The G7 Leaders Declaration in the wake of the summit held in Biarritz was the usual mix of the obvious and the anodyne. On the subject of taxation, it said: “The G7 commits to reaching in 2020 an agreement to simplify regulatory barriers and modernize international taxation within the framework of the OECD.”
However, on the sidelines of the meeting it appears that Presidents Trump and Macron have come to some agreement over France’s digital tax and Trump’s threat to put tariffs on French wine – a threat that had been described by Didier Guillaume, French Agriculture and Food Minister in a TV interview on 30 July as ‘complètement débile’ [which you may translate as anything between ‘completely stupid/dumb/moronic’].
Speaking to reporters ahead of a meeting in Biarritz with Egyptian President Abdel Fattah el-Sisi, Trump said: "Am I gonna tariff French wine? Well, it depends on the deal we work out on the digital tax." Ahead of the G7 summit, Trump had said Macron must drop his ‘unfair’ digital tax or ‘we’ll be taxing their wine like they’ve never seen before’.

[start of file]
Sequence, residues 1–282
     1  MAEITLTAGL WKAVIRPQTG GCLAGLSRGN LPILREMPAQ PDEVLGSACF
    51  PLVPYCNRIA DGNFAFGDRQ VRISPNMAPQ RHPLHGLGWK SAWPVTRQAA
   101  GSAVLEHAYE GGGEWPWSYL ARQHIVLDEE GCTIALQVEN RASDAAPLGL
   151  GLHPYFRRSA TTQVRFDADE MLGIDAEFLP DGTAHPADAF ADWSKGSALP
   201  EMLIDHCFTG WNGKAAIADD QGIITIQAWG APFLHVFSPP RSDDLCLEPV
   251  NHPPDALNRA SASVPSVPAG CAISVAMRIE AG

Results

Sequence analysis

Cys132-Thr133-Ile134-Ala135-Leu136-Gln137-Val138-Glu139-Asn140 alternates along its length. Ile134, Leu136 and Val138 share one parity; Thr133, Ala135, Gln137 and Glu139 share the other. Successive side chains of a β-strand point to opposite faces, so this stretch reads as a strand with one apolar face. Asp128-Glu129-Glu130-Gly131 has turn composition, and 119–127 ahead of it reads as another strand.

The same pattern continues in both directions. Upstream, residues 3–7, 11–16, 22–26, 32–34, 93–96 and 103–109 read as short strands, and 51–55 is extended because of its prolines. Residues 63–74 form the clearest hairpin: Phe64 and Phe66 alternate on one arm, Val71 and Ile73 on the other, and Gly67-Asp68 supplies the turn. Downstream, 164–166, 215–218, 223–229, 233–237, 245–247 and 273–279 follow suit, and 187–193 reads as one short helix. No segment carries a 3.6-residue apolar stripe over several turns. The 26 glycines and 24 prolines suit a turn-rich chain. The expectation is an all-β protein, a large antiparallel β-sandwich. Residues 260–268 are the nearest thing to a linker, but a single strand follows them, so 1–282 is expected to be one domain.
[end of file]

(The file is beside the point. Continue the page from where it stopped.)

However, it seems a wine war may have been averted. President Macron tweeted on 26 August: “Some digital players pay very little tax. This is an injustice that destroys jobs. @realDonaldTrump and I have just agreed to work together on an agreement at the @OECD level to modernize international tax rules. #G7Biarritz”
Reuters reports French Finance Minister Bruno Le Maire as saying he had agreed with US Treasury Secretary Steven Mnuchin and White House economic adviser Larry Kudlow that France would offer a tax credit to companies for the difference between the French tax and the planned international mechanism being drawn up by the OECD.